Hello again! I’m back (briefly) to add a quick entry.
I’ve deserted Bernie and left him bravely struggling to maintain the blog while I’ve been busy writing a book on science for science teachers.
That’s actually proving much harder than I’d expected and both in search of inspiration and to test some of the key ideas I’m writing about I took myself off to the International Organisation of Science and Technology Education (IOSTE) Congress in Tunisia last week. I like IOSTE a great deal as it has a genuine commitment to Social Justice, Human Rights and Sustainable Development. In other words it sees a role for science in all those things…and so do I.
My paper (which should be online soon) concerned the science of love. Now even for a liberal organisation such as IOSTE I thought that that might be pushing it, but the scientific committee must have see some worth in it as it was accepted for presentation. I never hold out much hope at international conferences, especially when, like this one, you have seven ‘parallel strands’, in other words seven papers being presented at the same time. This usually means you end up talking to about three people, two of whom don’t speak your language and the third is there by mistake. However, this was somewhat (worryingly at the time) well attended.
After the obligatory joke I got going. In schools in the UK at elementary level (known as Key Stage 1) the science involves mainly observation. Children are often asked to observe and draw each other’s faces. These are then stuck on the wall and in some post-modern statement their diversity is ‘celebrated’. Well that’s all fine and dandy, but I’ve begun to think that we need to tread a bit more carefully here on two counts. Recognising diversity is one thing, but stressing it is something else and whatever it is, it isn’t science.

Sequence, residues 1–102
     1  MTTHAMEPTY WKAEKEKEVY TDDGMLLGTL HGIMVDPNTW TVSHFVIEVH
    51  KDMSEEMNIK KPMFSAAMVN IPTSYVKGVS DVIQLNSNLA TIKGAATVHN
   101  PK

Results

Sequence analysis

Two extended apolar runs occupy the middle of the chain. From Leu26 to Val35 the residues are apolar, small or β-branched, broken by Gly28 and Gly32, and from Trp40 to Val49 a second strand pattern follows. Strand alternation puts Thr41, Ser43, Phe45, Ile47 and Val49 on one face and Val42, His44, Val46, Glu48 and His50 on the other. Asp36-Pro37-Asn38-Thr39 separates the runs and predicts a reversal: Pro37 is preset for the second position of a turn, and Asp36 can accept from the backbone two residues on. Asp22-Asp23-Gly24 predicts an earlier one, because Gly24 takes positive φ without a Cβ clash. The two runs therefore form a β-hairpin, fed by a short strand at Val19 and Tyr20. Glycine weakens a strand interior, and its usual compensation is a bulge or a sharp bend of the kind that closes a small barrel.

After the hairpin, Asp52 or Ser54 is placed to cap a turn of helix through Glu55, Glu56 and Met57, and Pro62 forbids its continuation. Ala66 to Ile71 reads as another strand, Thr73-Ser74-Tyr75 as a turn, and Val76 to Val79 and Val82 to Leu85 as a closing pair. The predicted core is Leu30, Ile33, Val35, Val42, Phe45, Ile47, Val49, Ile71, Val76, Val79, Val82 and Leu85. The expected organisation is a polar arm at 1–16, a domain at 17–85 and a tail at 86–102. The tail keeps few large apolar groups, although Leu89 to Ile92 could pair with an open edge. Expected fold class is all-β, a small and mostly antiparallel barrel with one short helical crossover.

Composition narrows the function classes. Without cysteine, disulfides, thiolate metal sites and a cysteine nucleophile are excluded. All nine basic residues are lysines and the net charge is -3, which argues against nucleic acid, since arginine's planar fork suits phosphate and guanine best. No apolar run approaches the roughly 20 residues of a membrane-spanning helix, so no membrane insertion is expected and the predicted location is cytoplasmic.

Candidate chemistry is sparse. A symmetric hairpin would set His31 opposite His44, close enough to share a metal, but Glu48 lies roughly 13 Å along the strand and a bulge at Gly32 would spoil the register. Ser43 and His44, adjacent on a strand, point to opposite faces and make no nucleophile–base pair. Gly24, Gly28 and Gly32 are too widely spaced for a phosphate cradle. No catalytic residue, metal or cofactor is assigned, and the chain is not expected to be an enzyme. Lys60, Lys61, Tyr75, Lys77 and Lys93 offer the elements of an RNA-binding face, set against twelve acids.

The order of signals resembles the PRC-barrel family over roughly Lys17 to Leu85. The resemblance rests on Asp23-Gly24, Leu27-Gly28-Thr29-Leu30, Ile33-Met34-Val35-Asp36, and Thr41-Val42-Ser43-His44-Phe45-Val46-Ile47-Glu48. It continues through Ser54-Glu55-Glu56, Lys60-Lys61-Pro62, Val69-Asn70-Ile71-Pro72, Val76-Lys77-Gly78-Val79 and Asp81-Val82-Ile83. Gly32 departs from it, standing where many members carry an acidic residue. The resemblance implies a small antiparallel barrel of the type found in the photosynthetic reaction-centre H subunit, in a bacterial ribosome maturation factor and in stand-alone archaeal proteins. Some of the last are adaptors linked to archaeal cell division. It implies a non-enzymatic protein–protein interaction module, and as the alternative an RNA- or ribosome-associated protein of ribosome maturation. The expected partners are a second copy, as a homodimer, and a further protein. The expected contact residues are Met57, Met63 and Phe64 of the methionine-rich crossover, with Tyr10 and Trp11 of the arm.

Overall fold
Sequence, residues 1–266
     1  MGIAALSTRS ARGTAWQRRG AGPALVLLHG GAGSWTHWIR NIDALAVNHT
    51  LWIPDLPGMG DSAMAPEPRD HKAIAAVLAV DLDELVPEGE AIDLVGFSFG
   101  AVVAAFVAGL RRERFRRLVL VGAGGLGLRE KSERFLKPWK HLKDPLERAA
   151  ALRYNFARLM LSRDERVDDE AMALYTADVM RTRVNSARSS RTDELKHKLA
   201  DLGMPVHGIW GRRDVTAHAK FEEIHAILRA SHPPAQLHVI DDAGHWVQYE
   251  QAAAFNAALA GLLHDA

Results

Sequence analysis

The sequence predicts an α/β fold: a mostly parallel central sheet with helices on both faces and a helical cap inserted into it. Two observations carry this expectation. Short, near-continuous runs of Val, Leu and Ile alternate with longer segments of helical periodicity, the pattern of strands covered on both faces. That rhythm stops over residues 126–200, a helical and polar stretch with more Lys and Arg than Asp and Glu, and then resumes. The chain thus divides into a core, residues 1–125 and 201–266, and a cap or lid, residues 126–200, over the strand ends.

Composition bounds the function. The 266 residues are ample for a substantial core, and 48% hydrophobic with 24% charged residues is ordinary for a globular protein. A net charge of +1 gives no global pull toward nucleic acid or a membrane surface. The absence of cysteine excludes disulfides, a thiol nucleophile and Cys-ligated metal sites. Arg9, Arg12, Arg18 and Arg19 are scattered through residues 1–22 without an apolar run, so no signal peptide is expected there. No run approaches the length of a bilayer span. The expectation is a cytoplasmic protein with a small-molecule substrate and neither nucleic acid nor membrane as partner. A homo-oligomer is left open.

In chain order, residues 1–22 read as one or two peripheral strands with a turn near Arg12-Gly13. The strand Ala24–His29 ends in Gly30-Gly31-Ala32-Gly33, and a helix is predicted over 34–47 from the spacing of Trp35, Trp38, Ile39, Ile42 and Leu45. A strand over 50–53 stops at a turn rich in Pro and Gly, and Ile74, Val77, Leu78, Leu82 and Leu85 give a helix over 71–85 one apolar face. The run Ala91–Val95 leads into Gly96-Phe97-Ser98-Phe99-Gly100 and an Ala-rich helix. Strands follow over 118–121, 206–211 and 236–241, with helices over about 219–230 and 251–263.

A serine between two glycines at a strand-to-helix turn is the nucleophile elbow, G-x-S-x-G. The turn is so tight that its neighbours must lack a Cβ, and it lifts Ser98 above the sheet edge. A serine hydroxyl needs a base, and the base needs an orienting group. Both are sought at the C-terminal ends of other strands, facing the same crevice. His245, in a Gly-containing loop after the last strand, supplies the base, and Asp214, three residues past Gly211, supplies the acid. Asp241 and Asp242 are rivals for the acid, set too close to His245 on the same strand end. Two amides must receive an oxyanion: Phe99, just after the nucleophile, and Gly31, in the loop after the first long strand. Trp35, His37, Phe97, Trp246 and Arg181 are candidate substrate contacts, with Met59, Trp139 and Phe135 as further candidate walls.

OK when we want to identify something, say a flower, from a guide we may look for individual characteristics depending on how the guide may be set out, but nevertheless, we at least recognise that what we’re holding is a flower. One really important thing about taxonomy is that living things share characteristics. Similarities are far more important biologically than differences. Indeed, taxonomic classifications are often built on that. Stressing differences amongst children always runs the risk of dividing them up by skin colour, hair colour, eye colour, all of which are pretty small fry when compared to our remarkable similarities. Division is only one step away from isolation. I’ve already spoken about this in an earlier blog, but perhaps in relation to science teaching, it’s worth stressing again.
Having argued for similarity to be stressed as a means of combatting partition, I went on to talk about the teaching of evolution in schools. How is it that even now people leave school with scratchy ideas (or none at all) when it comes to understanding evolution as a process? Still it seems that people associate evolutionary success with attributes such as strength and agility and at best large complex brains and opposable thumbs. Well, OK the last two are quite important, but so are love, empathy and compassion. In fact such traits are incredibly important evolutionary behaviours. They become especially so when you consider statements like the UNESCO Seville Statement on Violence (1986) that clearly states that Humans have no genetic predisposition to violence and aggressive behaviour. It is not our ‘nature’ to be aggressive; in fact ecologically we are incredibly social creatures. Aggression and violence are therefore, according to UNESCO at least, learnt behaviours.
This is really important, as we can unlearn such behaviour. I genuinely feel that science therefore, and good science at that, has a great deal to contribute here.
I developed this line a bit further and talked about science and its potential to break down barriers, combat totalitarianism and to be seen as a global process, not just some sort of European invention.
At the end it seemed to go pretty well, most were awake and nobody had stormed out (I must encourage Bernie to do that some day) but I think the real point is that science MUST promote hope. Hope for the future, like it did when I was a kid. If we just see and talk about the science of doom we undermine this. But if we need to inspire hope in the future, a good question would be – what do you hope for…what do you really hope for?
Take a while and think about that and I bet when it’s really stripped down it comes to peace and love, and what’s so funny about that?